The Sphinx Project

Not many people can say their entire existence has been one big lab experiment: poked and prodded by scientists, genetically modified to be the best and endure the worst, subjected to daily tests and trials that would kill a normal human. All Michaela wants is her own life, to be able to go to school, flirt with boys, maybe eat ice cream now and then. So when the chance to escape finally comes, Michaela and her sister grab it, taking their friends with them. But they weren’t the only ones to find their way out of those labs. Following close behind are another breed of creature, one that doesn’t know the difference between right and wrong, who exist only to feed their own hunger. The appearance of a strange boy who seems too much like them to be a coincidence makes things even more confusing. But as the world begins to literally fall apart around them, Michaela must accept his help, especially when she could lose the very thing she holds dearest: her sister.


40. Chapter Thirty-Nine

I wound my way through a variety of different blocks instead of taking the most direct route. I’d almost reached my destination when my surroundings nudged something at the back of my mind. Something about the way the tall building on the corner stood next to the shorter structure beside it tugged at some hidden memory.


I turned a slow circle. I couldn’t say why I remembered this place, but I did. It was probably a stupid thing to do, but I closed my eyes, recreating the crossroads as I seemed to recall them.


Something, I don’t know what, drew me to the right. I slipped across the busy intersection as soon as the pedestrian light turned green. Mouse wouldn’t begin to worry until noon; I still had plenty of time to kill.


The road was straight, traffic flowing freely after the chaos of early morning rush hour. The further I went, the more things became recognizable. Certain buildings began to stand out; my brain decided it certainly remembered those.


Perhaps fifteen minutes later I figured out why everything seemed so familiar. A large white building sprawled lazily along the roadside. It contrasted sharply with most of the buildings surrounding it, which seemed to be reaching as high as they could skyward.


A hospital sign sat out front and a wide driveway split into multiple smaller routes, all with different colored lines drawn down the center.


A siren blared and yanked me from my contemplation. An ambulance raced along the road and turned sharply into the lane in front of me. It followed the red line labeled “Emergency vehicles only!” and disappeared around the corner of the building.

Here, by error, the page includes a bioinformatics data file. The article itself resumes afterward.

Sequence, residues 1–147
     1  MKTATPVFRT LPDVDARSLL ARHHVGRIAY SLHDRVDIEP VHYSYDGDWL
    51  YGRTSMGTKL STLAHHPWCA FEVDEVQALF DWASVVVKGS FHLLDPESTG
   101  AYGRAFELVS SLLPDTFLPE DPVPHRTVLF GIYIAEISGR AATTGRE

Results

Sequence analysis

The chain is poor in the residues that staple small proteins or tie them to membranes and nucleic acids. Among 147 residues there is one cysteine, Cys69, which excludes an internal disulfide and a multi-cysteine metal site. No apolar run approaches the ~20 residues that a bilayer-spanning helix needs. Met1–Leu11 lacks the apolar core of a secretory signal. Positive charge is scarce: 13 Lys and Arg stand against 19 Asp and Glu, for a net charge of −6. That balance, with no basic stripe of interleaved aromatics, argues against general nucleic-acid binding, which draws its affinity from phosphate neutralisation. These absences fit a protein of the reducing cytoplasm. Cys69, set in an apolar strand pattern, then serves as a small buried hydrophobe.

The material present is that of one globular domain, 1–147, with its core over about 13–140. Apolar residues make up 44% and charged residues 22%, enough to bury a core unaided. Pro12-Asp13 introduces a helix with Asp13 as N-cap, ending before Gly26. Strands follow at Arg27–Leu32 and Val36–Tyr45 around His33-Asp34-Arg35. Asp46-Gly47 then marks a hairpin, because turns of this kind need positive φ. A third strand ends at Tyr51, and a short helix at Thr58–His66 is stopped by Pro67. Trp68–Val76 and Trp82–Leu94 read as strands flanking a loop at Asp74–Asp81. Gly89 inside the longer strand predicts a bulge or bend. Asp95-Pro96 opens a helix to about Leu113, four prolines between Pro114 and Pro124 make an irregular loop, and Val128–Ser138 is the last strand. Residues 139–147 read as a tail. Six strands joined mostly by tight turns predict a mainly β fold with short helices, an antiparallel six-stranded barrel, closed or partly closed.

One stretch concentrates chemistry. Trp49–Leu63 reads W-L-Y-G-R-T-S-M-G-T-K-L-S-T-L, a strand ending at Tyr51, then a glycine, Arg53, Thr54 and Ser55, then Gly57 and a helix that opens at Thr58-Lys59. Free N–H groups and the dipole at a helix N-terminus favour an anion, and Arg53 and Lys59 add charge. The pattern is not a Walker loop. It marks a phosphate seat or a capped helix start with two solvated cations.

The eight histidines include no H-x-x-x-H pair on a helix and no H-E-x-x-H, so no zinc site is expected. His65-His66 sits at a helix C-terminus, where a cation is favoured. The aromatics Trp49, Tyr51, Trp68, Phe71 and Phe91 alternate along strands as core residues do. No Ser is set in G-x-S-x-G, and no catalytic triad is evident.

The automatic doors swept open and the air conditioning enveloped me, colder than outside. I was almost at a loss for what to do; I hadn’t been here for five years, now that I was, strange memories trickled back. For some reason it felt like I shouldn’t be here.


I followed my instincts and walked past the reception desk, which was bustling with people, around the corner to the elevators. When I arrived, I was the only person there. I must have missed the last elevator by moments because by the time the little bell sounded, indicating the next had arrived, dozens of people milled around.


They surged forward as the doors opened, not paying any heed to those struggling to get out. I only managed to squeeze in as the doors swooshed shut again.


One of the women standing in front of me stunk of some sort of too much perfume; it was as if she’d bathed in the stuff. When we reached the fifth floor I was glad for the fresh air.


I wandered along the corridor and turned right at the end. The sign on the wall had an arrow pointing to the intensive care unit. I continued slowly, hoping the door would open before I got there. The doors in this section of the hospital all needed a swipe card or pin to pass through.


I was lucky. A woman pushed the door open and sailed past me. She didn’t even seem to see me. I caught the door before it closed and stepped inside. The hallway reminded me of the labs with its abundance of white. Spaced at even intervals along the wall were windows, allowing a view into the small intensive care rooms. Between each pane of glass was a white door with a silver handle and a small silver number screwed to the center.


I didn’t need to count the numbers as I paced my way along the hallway, but I couldn’t help my eyes sliding over them. Below each little number was a small metal frame, holding a piece of card with the last name of the occupant printed in plain black pen.


At room number 514 I stopped, gathered my confidence and turned to gaze through the window. It was exactly the same—the same white walls, the same hospital bed, the same little cupboard next to the bed with a pitcher of water and a glass on top.


The person lying in the bed had the white blanket pulled up across his chest. Numerous tubes and wires ran between his thin arm and the machines standing nearby.


The only thing different was that the name on that plastic bracelet around his wrist was not Mary. Mom had died a long time ago, but standing here, the feelings from that day flooded back.

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